Recent tragic events in Zanesville Ohio, where dozens of exotic animals including big cats, bears and wolves were released from a private facility and who the authorities were subsequently forced to shoot, have focused the spotlight on the issue of dangerous wild animals kept as pets.
Most right-minded people have roundly condemned the fact that dangerous exotic animals are bred, traded and kept by private individuals in many parts of the United States with few if any controls in place to regulate the trade.
Clearly the individual who released these animals before committing suicide should never have been allowed to acquire and keep these unfortunate creatures in the first place.
The ownership of native and non-native wildlife by people with little or no idea of how to provide them with a proper habitat and humane care results in an unacceptable level of danger to the public, and serious concerns for the welfare of the animals themselves, the majority of whom, in this case, ultimately paid with their lives.
However, this problem is not confined to a few American states.
In the UK and elsewhere in the European Union, the ever-increasing desire to own exotic wild animals has resulted in the development of a huge and largely unregulated trade.
Dealers often provide little or no information to the public on the needs of the animals caught up in this trade, leading to welfare issues and frequent neglect or abandonment of animals that become aggressive and unpredictable to handle and expensive to care for as they grow.
Capturing animals from the wild and transporting them often over long distances to the exotic pet trade, results in the death of large numbers of animals. The conservation status of many species is also being affected.
The escape or deliberate release of exotic animals threatens native species and ecosystems, as well as increasing concerns for public health and safety. Controlling invasive alien species costs the EU billions of euros each year.
As with so many animal protection issues, current regulations governing the trade are wholly inadequate. Some EU member states prohibit or restrict the keeping of certain animals considered too dangerous for private ownership, but the rules are inconsistent between member states and are often poorly enforced. Meanwhile, international agreements such as the Convention on International Trade in Endangered Species (CITES) apply only to certain species.
The situation is no better in the UK where the keeping of animals falls under a confusing number of different pieces of legislation and even then, many species in the exotic pet trade slip through the net.
The Dangerous Wild Animals Act is a case in point, singularly failing in its primary function to protect the public from animals considered to be dangerous.
In theory, it requires owners of species listed under the act to submit to an inspection and registration system. However, it is local authorities who are charged with enforcing the act and as they are typically insufficiently resourced or lack the technical competence to dispatch their duties properly, many simply ignore their role altogether and non-compliance levels are believed to be worryingly high.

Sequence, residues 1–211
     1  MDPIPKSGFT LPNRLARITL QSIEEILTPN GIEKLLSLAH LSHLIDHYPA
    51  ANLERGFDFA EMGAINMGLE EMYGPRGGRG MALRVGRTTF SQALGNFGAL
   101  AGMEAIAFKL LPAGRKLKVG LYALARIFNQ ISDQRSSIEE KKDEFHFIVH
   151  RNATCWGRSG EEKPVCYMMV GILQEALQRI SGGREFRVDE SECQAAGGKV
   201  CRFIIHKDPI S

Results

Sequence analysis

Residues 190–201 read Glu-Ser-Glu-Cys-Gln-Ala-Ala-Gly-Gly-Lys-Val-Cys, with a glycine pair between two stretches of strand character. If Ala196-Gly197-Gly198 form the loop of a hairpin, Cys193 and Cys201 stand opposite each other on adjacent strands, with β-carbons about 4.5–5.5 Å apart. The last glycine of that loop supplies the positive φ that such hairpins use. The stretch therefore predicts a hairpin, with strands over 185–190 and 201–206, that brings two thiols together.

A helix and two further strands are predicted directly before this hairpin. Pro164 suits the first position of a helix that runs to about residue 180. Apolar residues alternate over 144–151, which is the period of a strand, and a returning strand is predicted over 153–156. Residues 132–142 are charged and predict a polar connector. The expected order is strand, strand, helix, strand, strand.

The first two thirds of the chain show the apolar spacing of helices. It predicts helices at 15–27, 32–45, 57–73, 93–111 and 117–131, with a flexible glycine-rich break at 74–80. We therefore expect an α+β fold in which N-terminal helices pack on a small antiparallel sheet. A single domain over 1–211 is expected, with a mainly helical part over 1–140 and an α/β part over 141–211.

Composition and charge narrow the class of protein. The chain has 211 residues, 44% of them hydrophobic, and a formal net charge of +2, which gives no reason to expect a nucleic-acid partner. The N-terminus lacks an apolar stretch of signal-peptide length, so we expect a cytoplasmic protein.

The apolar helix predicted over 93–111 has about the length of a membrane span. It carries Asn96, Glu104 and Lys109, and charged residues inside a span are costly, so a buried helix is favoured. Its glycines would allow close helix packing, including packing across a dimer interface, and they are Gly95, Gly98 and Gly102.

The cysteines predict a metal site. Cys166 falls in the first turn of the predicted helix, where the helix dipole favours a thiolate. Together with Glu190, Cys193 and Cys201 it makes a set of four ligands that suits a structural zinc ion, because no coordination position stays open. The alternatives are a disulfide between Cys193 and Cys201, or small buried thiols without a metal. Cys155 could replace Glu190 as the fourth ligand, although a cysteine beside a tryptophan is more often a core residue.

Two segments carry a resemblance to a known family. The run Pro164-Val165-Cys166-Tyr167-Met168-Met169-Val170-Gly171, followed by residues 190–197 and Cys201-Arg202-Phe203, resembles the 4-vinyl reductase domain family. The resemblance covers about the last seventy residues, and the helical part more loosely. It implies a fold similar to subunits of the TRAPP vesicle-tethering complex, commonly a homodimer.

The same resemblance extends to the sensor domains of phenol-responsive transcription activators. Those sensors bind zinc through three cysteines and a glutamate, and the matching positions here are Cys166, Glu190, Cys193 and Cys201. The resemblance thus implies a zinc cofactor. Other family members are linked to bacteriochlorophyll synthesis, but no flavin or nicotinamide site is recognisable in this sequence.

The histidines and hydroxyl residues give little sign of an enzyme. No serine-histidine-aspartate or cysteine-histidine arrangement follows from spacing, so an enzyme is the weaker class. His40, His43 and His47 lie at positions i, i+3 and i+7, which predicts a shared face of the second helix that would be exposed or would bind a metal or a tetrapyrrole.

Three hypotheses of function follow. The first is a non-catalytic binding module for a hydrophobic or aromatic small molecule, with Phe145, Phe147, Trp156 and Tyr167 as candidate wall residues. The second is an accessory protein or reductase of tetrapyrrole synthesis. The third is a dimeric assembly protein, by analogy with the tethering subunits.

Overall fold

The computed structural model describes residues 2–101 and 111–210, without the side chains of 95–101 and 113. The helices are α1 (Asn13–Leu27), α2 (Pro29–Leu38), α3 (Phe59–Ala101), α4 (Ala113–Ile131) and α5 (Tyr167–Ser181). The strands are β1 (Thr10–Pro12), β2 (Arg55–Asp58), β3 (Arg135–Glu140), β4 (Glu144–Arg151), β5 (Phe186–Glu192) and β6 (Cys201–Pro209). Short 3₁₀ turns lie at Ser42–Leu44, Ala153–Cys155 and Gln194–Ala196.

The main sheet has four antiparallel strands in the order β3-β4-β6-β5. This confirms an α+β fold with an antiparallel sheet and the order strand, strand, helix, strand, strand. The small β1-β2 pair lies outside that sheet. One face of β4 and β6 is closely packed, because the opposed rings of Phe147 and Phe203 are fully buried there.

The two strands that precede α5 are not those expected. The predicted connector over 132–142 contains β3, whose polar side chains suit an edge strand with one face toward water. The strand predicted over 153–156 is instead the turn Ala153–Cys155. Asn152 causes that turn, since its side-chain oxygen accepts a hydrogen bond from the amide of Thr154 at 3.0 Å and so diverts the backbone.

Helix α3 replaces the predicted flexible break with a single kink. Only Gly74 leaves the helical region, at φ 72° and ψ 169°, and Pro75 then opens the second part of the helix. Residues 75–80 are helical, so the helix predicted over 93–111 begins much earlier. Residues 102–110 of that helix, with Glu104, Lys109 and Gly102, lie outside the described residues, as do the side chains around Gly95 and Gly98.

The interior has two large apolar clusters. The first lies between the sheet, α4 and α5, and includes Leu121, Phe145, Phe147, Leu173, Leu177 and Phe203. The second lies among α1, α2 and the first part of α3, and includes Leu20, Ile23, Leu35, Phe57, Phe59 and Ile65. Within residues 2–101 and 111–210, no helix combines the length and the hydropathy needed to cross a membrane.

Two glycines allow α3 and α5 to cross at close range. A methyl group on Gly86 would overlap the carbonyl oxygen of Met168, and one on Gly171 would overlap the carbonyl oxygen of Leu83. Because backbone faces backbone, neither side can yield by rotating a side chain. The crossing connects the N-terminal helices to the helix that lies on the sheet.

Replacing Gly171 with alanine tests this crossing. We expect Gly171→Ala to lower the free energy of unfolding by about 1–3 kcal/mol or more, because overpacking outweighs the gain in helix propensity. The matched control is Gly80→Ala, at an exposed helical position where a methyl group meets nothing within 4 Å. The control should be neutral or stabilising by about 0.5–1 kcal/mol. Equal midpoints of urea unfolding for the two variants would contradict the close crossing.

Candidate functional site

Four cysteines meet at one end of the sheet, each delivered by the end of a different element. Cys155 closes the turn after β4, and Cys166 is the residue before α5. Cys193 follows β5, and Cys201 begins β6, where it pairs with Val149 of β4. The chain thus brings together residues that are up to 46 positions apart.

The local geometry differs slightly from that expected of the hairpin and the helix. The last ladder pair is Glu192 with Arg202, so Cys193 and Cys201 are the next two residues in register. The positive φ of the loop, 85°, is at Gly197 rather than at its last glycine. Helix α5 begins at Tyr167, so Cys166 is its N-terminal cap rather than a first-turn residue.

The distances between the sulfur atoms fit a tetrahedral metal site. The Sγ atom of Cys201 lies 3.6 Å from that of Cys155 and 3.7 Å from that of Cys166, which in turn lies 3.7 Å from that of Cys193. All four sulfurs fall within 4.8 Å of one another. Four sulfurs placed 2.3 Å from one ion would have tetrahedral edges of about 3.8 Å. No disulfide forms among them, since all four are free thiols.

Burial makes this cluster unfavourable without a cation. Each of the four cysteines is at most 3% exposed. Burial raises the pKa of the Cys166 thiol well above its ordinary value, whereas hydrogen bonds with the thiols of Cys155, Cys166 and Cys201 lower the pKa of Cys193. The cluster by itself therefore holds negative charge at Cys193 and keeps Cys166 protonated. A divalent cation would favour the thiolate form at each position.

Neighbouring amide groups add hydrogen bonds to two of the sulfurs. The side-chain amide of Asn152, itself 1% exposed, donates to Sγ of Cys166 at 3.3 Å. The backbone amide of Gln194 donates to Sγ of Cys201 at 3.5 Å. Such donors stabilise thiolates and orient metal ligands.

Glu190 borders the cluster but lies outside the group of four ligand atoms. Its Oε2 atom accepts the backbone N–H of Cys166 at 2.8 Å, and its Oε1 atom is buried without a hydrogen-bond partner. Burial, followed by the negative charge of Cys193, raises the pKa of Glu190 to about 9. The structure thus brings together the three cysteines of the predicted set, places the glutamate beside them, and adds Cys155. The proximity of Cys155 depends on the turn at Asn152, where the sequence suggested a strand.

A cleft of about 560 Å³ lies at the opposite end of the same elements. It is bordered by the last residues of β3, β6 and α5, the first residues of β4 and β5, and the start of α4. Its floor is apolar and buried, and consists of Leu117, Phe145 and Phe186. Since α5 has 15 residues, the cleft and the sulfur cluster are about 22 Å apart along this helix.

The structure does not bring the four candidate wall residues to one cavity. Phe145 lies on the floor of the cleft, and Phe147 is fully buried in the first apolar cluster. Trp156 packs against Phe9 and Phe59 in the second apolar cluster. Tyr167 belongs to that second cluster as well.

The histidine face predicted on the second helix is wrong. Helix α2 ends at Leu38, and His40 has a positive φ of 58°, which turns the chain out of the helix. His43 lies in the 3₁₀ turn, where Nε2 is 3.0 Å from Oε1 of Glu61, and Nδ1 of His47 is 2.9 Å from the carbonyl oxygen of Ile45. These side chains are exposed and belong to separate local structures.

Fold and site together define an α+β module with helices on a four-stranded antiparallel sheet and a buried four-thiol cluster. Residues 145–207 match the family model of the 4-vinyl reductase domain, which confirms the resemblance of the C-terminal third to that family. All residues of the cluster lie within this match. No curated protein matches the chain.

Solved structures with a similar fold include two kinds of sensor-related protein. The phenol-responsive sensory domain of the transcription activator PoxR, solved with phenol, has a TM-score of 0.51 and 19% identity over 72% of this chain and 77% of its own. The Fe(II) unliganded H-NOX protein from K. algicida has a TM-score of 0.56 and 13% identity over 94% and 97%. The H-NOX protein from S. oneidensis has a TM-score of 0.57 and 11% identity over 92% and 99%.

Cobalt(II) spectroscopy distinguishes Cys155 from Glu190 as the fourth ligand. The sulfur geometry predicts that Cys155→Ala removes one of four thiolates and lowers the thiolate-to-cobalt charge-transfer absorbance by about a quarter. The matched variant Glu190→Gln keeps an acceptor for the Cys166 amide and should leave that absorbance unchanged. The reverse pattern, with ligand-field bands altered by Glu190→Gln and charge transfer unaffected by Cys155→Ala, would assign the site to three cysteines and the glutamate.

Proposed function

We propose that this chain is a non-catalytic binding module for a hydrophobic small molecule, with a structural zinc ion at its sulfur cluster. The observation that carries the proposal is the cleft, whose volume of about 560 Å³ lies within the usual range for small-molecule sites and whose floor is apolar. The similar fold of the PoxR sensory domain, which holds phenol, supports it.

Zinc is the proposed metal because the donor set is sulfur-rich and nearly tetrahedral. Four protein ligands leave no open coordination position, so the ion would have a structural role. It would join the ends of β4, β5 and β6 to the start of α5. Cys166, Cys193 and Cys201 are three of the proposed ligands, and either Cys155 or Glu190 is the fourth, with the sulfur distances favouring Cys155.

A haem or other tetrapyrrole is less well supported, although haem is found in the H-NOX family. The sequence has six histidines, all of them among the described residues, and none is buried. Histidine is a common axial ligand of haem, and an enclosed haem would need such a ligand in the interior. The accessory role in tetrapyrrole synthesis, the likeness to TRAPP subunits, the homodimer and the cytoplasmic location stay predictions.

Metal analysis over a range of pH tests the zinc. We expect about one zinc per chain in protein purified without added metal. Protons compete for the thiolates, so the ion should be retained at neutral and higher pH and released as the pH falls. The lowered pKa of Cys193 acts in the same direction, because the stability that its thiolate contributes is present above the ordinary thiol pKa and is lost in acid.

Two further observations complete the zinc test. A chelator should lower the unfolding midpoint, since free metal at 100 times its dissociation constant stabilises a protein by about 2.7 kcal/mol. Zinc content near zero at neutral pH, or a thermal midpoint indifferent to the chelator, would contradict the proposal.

The lack of consistent legislation or licensing requirements makes the collection of accurate data almost impossible, and as a consequence the numbers and variety of animals being kept and traded are not well understood.
In the UK, it is estimated that at around 12 million, the number of exotic terrestrial animals kept as pets outnumbers cats or dogs.
Of around 300,000 reptiles known to have been imported into the UK in 2009, the vast majority came from outside the EU. The incidence of venomous snake bites is rising fast, thanks mainly to the increased keeping of exotic venomous species. Up to 7,500 primates are also thought to be in the hands of private individuals in the UK.
At its congress in May 2010, the British Veterinary Association identified the lack of understanding of the care needs for exotic pets, the abandonment of fashionable pet animals, and the disease risks associated with importing exotics into the UK, as being among the most important animal welfare issues facing the British government. But we see little action being taken at a national level.
Wild and exotic animals are not pets. Rather they are an animal welfare disaster and a potential risk to their keepers, the wider public, and the ecosystem into which they are all too frequently abandoned.
If we are to avoid an Ohio-type incident occurring here, it is high time the appalling commerce in wild animals for the pet trade was brought under serious control and preferably banned altogether.
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